This year’s Closing the Gap report delivers a result that has become all too familiar in comparing outcomes between Indigenous and non Indigenous Australians: not enough progress is being made, Dr Nicholas Biddle writes. There is improvement in some areas, but stagnation in others.
The government is right to highlight progress reducing infant mortality (which is on track to meet its target) and the fact that Indigenous children are more likely to have been immunised than non Indigenous children by the age of five. Make no mistake: if sustained, these are massive achievements.
But other areas such as early childhood education, school attendance, literacy and numeracy, employment and life expectancy are not on target. This is a policy failure and a societal failure.
It is tempting when looking at the year on year progress to become despondent, to feel that nothing works, or to assume it must be the fault of Indigenous Australians that the gaps aren’t closing.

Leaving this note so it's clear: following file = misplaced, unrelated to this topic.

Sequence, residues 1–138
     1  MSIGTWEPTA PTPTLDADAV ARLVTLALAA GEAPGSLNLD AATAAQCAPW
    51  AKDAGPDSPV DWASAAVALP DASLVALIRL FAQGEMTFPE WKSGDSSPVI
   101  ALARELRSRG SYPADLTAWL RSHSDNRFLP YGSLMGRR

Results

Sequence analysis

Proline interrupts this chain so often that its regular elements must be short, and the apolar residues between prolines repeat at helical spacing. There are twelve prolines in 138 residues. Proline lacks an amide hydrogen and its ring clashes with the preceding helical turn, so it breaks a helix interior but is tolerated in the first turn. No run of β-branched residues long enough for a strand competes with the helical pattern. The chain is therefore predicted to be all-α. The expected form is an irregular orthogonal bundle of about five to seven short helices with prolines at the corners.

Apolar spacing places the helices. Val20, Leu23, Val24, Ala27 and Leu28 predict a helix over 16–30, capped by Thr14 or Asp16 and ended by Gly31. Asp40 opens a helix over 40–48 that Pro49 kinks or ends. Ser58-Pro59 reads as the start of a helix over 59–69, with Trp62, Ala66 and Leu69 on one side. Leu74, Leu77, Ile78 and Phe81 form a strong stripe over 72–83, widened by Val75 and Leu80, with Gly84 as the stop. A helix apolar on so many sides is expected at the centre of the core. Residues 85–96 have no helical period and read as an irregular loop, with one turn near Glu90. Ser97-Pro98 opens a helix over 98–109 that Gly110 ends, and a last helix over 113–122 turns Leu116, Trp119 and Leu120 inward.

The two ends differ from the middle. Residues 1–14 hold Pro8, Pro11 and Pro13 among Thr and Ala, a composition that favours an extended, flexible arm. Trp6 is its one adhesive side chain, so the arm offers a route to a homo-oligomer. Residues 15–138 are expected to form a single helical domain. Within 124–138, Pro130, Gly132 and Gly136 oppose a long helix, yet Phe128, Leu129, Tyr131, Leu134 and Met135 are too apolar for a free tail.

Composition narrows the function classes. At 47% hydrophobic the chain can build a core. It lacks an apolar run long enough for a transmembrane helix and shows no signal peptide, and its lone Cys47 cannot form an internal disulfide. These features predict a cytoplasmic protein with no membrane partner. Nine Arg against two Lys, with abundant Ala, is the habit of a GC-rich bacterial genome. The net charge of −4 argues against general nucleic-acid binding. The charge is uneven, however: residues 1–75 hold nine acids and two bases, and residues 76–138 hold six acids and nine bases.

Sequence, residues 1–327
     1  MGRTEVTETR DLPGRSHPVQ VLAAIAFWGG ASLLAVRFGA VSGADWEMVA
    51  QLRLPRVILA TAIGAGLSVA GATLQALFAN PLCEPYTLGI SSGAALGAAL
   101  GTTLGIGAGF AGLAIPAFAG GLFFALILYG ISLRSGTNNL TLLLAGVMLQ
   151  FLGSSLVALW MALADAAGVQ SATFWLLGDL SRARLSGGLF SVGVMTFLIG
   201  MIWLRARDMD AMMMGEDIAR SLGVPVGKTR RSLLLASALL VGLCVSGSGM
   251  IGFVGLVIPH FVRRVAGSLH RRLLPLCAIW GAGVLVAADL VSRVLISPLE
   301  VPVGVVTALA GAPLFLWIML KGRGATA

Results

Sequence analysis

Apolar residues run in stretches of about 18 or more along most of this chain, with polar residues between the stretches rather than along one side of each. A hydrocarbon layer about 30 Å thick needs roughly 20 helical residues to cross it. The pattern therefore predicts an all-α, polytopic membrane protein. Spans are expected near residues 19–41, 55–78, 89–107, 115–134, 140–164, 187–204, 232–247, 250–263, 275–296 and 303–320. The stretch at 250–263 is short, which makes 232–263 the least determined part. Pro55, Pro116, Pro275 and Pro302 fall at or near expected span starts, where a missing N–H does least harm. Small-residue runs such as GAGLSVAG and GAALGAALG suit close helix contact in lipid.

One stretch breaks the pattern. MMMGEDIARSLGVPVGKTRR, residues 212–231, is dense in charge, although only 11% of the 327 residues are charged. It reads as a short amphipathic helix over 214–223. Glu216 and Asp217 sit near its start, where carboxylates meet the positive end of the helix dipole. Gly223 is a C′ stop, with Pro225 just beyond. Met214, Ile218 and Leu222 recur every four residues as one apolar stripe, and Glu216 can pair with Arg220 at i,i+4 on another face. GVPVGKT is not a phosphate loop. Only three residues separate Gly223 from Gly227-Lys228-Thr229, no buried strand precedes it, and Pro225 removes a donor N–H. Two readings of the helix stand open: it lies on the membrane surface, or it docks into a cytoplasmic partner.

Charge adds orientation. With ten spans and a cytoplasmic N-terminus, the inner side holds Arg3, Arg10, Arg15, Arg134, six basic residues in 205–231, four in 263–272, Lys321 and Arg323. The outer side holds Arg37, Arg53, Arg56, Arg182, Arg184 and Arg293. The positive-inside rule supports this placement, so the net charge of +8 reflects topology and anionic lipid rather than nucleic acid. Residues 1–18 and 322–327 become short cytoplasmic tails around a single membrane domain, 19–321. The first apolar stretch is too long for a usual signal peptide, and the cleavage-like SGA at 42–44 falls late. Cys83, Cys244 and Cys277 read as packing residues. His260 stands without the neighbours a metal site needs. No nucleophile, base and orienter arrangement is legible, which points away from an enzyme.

To consider perhaps starting again on policy. But, as argued by Mick Gooda, that would ignore that there has been positive change, especially in the long run. It would also be a terrible disservice to the fantastic work that thousands of Indigenous Australians are doing for their people at the community, regional, state/territory and national level.
One example of this is early childhood education (ECE). In an analysis that I co-authored with Lilia Arcos-Holzinger, we undertook the first investigation (that we know of) to document the effects of early education on a range of cognitive and developmental outcomes of Indigenous children.